Then she broke down.

Another woman would have managed it differently, perhaps,—by a laugh, a smile of contempt, or a frigid refusal. This mere child, stung to the quick by Quigg's insult, had only her tears in defense. The Walking Delegate turned his head and looked out of the window. Then he caught up his hat and without a word to the sobbing girl hastily left the room.

Tom was just entering the lower gate. Quigg saw her and tried to dodge behind the tool-house, but it was too late, so he faced her. Tom's keen eye caught the sly movement and the quickly altered expression. Some new trickery was in the air, she knew; she detected it in every line of Quigg's face. What was McGaw up to now? she asked herself. Was he after Carl and the men, or getting ready to burn the other stable?

“Good-morning, Mr. Quigg. Ain't ye lost?” she asked coldly.

“Oh no,” said Quigg, with a forced laugh. “I come over to see if I could help about the fire.”

It was the first thing that came into his head; he had hoped to pass with only a nod of greeting.

“Did ye?” replied Tom thoughtfully. She saw he had lied, but she led him on. “What kind of help did ye think of givin'? The insurance company will pay the money, the two horses is buried, an' we begin diggin' post-holes for a new stable in the mornin'. Perhaps ye were thinkin' of lendin' a hand yerself. If ye did, I can put ye alongside of Carl; one shovel might do for both of ye.”

Quigg colored and laughed uneasily. Somebody had told her, then, how Carl had threatened him with uplifted shovel when he tried to coax the Swede away.

“No, I'm not diggin' these days; but I've got a pull wid the insurance adjuster, and might git an extra allowance for yer.” This was cut from whole cloth. He had never known an adjuster in his life.

“What's that?” asked Tom, still looking square at him, Quigg squirming under her glance like a worm on a pin.

“Well, the company can't tell how much feed was in the bins, and tools, and sech like,” he said, with another laugh.

A laugh is always a safe parry when a pair of clear gray search-light eyes are cutting into one like a rapier.

“An' yer idea is for me to git paid for stuff that wasn't burned up, is it?”

“Well, that's as how the adjuster says. Sometimes he sees it an' sometimes he don't—that's where the pull comes in.”

Tom put her arms akimbo, her favorite attitude when her anger began to rise.

“Oh I see! The pull is in bribin' the adjuster, as ye call him, so he can cheat the company.”

Quigg shrugged his shoulders; that part of the transaction was a mere trifle. What were companies made for but to be cheated?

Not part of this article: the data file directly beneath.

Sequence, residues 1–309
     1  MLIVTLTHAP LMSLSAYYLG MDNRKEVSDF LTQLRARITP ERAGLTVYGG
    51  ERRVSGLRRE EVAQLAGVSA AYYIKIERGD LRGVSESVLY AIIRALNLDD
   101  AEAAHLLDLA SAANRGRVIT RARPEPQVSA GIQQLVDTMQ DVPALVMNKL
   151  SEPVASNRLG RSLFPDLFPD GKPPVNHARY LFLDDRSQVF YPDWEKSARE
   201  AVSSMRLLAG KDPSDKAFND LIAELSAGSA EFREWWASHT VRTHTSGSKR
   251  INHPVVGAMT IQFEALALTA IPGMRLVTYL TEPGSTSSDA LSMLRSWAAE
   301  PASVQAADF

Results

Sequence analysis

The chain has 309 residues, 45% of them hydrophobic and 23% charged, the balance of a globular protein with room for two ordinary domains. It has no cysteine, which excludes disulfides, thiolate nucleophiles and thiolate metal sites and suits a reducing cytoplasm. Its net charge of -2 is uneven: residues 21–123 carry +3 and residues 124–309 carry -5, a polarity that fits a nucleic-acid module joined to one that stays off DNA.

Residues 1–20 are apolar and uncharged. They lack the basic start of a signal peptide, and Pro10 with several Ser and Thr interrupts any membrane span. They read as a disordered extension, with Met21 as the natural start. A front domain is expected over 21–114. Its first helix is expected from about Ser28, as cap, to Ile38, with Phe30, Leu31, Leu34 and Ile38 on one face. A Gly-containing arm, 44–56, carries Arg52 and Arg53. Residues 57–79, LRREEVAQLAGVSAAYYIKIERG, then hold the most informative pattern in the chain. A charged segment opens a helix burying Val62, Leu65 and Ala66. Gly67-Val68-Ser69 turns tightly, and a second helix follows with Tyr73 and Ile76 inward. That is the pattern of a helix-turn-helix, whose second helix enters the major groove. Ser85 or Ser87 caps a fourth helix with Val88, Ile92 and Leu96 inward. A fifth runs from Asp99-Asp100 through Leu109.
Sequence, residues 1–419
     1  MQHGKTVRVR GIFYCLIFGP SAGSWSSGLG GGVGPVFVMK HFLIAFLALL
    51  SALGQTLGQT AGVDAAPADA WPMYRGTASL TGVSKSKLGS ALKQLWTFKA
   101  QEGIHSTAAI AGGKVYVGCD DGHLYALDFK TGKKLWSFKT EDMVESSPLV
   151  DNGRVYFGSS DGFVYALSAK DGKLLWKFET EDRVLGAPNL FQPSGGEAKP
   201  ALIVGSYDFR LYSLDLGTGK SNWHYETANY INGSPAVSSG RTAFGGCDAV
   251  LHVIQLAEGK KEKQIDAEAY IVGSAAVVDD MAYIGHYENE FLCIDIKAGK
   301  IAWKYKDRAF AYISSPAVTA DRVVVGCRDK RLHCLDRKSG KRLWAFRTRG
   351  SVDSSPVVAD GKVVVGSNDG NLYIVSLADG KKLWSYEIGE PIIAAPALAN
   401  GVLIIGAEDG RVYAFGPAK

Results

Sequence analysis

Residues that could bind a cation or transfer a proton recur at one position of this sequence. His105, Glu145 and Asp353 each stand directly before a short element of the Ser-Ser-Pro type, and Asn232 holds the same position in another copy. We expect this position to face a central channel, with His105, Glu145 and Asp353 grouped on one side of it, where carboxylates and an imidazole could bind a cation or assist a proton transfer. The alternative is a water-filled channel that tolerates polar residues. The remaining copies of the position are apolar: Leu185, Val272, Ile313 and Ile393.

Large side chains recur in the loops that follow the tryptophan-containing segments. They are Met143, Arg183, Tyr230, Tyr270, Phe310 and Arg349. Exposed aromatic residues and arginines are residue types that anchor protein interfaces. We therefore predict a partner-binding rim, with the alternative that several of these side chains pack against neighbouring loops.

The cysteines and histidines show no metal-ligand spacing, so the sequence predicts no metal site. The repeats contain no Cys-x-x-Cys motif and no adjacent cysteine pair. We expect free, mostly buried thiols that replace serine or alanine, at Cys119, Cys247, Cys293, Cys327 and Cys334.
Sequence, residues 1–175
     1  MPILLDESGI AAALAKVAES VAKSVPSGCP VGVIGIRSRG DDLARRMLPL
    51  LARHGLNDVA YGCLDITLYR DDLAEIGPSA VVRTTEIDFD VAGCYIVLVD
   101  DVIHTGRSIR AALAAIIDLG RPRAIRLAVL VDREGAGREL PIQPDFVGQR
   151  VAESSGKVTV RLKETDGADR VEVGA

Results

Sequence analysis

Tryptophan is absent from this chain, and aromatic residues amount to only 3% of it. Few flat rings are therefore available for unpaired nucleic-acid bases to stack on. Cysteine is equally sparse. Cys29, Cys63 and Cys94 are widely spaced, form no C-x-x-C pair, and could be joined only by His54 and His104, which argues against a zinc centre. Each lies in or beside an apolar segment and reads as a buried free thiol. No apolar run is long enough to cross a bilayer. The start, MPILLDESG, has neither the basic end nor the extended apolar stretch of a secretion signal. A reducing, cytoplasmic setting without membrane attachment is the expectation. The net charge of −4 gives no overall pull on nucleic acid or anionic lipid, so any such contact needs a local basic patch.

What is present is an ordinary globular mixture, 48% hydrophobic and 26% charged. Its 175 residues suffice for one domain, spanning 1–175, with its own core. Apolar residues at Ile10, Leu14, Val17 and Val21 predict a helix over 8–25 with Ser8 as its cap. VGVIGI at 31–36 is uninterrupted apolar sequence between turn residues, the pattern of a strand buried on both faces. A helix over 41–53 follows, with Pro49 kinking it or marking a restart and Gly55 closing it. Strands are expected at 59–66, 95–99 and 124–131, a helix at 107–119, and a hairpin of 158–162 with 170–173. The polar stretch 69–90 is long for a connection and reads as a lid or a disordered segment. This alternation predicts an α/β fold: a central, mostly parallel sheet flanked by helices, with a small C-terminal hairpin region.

Tom stood for a minute looking him all over.

“Dennis Quigg,” she said slowly, weighing each word, her eyes riveted on his face, “ye're a very sharp young man; ye're so very sharp that I wonder ye've gone so long without cuttin' yerself, But one thing I tell ye, an' that is, if ye keep on the way ye're a-goin' ye'll land where you belong, and that's up the river in a potato-bug suit of clothes. Turn yer head this way, Quigg. Did ye niver in yer whole life think there was somethin' worth the havin' in bein' honest an' clean an' square, an' holdin' yer head up like a man, instead of skulkin' round like a thief? What ye're up to this mornin' I don't know yet, but I want to tell ye it 's the wrong time o' day for ye to make calls, and the night's not much better, unless ye're particularly invited.”

Quigg smothered a curse and turned on his heel toward the village. When he reached O'Leary's, Dempsey of the Executive Committee met him at the door. He and McGaw had spent the whole morning in devising plans to keep Tom out of the board-room.

Quigg's report was not reassuring. She would be paid her insurance money, he said, and would certainly be at the meeting that night.

The three adjourned to the room over the bar. McGaw began pacing the floor, his long arms hooked behind his back. He had passed a sleepless night, and every hour now added to his anxiety. His face was a dull gray yellow, and his eyes were sunken. Now and then he would tug at his collar nervously. As he walked he clutched his fingers, burying the nails in the palms, the red hair on his wrists bristling like spiders' legs. Dempsey sat at the table watching him calmly out of the corner of his eye.

After a pause Quigg leaned over, his lips close to Dempsey's ear. Then he drew a plan on the back of an old wine-list. It marked the position of the door in Tom's stable, and that of a path which ran across lots and was concealed from her house by a low fence. Dempsey studied it a moment, nodding at Quigg's whispered explanations, and passed it to McGaw, repeating Quigg's words. McGaw stopped and bent his head. A dull gleam flashed out of his smouldering eyes. The lines of his face hardened and his jaw tightened. For some minutes he stood irresolute, gazing vacantly over the budding trees through the window. Then he turned sharply, swallowed a brimming glass of raw whiskey, and left the room.

When the sound of his footsteps had died away, Dempsey looked at Quigg meaningly and gave a low laugh.